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December 9, 2004.

JOY E. LLOYD, Plaintiff,
BEAR STEARNS & CO., INC., Defendant.

The opinion of the court was delivered by: GEORGE DANIELS, District Judge


Plaintiff brings this action against her former employer, Bear Stearns & Co., Inc., ("Bear Stearns"), alleging violations of Title VII, Section 1981 of the Civil Rights Act of 1866, and New York State and City Law. Defendant moves for summary judgment pursuant to Fed.R.Civ.P. 56. For the reasons stated below, defendant's motion is granted and plaintiff's claim is dismissed.


  Plaintiff Joy Lloyd, a black female, was employed by Bear Stearns from 1989 through January 9, 1998. Plaintiff was originally hired as a System Administrator in the firm's computer department. In her complaint, plaintiff broadly alleges that soon after she began to work for Bear Stearns, she noticed that "[a]reas which were conducive to advancement were dominated by Caucasians while Minorities were placed into low-level technical areas." Complaint p. 3, ¶ 14. She also alleges, generally, that "minorities, particularly African-Americans, were not given adequate amount of work, were given menial assignments which did not correspond with their levels of expertise and experience, [and] were left out of projects despite seniority and adequate experience levels." Id. at 3, ¶ 15. She further broadly asserts that she "was routinely denied well-deserved promotions or advancements in her area of expertise, was not given work assignments commensurate with her skills, and suffered diminished earning capacity as a result." Id. at 3, ¶ 16. Plaintiff's complaint is replete with unsupported allegations of her discriminatory claims. First, she claims that she was forced to work the night shift and that she was denied the right to take a car service home. Next, she claims that the firm asked her to work at another location that required her to walk further than she was accustomed and was forced to do so late at night. With regards to these allegations, her sole discriminatory claim seems to be that the night shift group "consisted entirely of minorities." Id. at 4, ¶ 19.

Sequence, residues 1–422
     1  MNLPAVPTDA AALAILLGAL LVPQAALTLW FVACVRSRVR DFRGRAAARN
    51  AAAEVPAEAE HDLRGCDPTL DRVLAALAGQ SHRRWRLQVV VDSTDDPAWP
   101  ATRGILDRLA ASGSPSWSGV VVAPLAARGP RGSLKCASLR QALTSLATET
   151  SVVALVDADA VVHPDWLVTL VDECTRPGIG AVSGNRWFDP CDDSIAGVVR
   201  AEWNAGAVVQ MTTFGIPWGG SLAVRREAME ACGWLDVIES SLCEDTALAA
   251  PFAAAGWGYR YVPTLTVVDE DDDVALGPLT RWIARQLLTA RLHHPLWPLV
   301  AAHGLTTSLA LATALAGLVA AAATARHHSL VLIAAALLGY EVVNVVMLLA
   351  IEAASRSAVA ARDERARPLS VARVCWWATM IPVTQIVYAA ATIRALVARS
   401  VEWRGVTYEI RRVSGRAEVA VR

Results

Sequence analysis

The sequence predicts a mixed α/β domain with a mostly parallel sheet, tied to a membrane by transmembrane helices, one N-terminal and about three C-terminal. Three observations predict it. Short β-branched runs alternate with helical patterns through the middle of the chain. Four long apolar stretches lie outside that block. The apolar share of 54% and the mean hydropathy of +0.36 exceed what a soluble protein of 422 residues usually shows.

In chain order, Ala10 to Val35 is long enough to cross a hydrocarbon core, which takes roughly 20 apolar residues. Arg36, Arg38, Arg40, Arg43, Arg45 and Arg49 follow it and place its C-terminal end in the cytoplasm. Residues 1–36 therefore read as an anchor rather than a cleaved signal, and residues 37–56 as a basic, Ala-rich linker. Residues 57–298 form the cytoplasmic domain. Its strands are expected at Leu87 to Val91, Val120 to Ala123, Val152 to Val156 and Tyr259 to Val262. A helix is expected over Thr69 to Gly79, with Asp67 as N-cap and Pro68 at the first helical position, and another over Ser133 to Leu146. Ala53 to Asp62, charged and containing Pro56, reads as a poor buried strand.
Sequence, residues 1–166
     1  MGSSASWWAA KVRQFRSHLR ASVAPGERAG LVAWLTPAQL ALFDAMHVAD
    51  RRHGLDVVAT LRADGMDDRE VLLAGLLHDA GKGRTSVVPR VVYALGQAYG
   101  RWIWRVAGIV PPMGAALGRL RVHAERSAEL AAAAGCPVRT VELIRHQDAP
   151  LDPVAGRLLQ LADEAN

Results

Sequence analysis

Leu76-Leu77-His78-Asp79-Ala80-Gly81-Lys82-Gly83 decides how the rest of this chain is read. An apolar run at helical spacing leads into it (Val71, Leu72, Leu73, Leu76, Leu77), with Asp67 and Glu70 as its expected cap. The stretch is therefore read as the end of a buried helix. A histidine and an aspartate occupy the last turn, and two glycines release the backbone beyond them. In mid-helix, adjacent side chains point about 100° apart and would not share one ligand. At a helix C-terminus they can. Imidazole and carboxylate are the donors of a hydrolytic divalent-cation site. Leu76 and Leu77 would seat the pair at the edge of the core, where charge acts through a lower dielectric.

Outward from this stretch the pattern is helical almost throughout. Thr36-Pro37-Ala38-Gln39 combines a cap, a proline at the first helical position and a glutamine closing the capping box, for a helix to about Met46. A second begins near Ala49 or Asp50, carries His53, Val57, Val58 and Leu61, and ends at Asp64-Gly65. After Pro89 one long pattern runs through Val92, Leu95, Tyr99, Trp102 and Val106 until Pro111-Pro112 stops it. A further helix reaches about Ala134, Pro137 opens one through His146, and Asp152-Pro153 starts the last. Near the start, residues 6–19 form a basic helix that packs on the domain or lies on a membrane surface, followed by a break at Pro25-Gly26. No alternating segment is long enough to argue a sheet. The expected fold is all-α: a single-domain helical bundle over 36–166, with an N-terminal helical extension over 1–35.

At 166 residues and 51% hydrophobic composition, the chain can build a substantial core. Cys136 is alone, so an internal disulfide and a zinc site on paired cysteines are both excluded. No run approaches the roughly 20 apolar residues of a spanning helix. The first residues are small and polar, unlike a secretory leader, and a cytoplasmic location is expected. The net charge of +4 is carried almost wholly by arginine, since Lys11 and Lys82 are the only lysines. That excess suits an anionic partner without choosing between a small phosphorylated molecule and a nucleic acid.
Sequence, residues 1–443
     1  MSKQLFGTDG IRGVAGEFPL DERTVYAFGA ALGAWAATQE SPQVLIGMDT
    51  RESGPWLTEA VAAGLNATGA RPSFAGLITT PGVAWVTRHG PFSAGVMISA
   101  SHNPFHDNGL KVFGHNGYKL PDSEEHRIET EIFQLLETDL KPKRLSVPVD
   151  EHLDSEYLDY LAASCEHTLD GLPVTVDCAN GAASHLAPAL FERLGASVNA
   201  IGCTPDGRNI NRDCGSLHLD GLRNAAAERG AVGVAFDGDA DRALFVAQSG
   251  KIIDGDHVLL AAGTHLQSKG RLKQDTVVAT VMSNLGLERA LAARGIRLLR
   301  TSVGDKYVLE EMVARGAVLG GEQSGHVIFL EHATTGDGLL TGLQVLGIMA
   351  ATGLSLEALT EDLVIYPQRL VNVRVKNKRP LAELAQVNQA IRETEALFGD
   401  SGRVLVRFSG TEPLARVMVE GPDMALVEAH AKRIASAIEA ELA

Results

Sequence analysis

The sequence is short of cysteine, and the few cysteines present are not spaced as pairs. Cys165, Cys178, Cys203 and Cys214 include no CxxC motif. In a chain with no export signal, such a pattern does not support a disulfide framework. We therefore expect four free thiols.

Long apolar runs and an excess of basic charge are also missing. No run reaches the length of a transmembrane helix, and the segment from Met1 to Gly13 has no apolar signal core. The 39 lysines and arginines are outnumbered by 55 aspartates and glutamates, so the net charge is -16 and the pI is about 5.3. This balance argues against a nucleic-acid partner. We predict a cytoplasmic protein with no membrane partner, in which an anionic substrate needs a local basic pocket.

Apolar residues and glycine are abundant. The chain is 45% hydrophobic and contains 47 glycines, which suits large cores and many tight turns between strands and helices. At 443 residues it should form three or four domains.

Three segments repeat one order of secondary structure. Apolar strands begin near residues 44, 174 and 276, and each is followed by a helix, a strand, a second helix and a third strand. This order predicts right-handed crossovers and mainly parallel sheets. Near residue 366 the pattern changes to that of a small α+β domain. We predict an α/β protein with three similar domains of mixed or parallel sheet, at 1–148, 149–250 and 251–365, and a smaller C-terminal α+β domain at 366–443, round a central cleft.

Next, plaintiff alleges that in 1990, despite her seniority, Department Managers promoted two of her white co-workers to higher-ranking positions in the computer department. She does not allege that she was more qualified than the promoted co-workers nor that she was denied the promotion solely because she was black. Plaintiff claims that after she questioned her Department Manager about this promotion decision, she was moved, in retaliation, "from her prior desk location to a location in the hallway near an area designated for `computer garbage.'" Id. at 4, ¶ 23.

  Plaintiff next claims that in 1991, after accepting a new position as a Documentation Librarian in the "IS Documentation Group," she was discriminated against when her manager refused to allow his employees to work overtime, only relenting when a black employee resigned and was replaced with a white employee. Plaintiff alleges that after the white employee was hired, they were all allowed to work overtime. Plaintiff further claims, without any factual support, that her white co-worker received larger bonuses than she and her black co-worker.

  Plaintiff's further alleges that contrary to Bear Stearns' policy regarding new mothers that was applied to "Jewish moms," she was not permitted to work from home following the birth of her child in 1995. Transcript of Deposition of Joy Lloyd ("Lloyd Tr."), p. 67-68. Plaintiff further alleges that Bear Stearn's practice of keeping a kosher pantry for the use of its observant Jewish employees constituted racial discrimination, because "the White Jewish employees had their own pantry on the eighth floor, which the Black employees could not use." Plaintiff's Memorandum in Opposition, p. 6.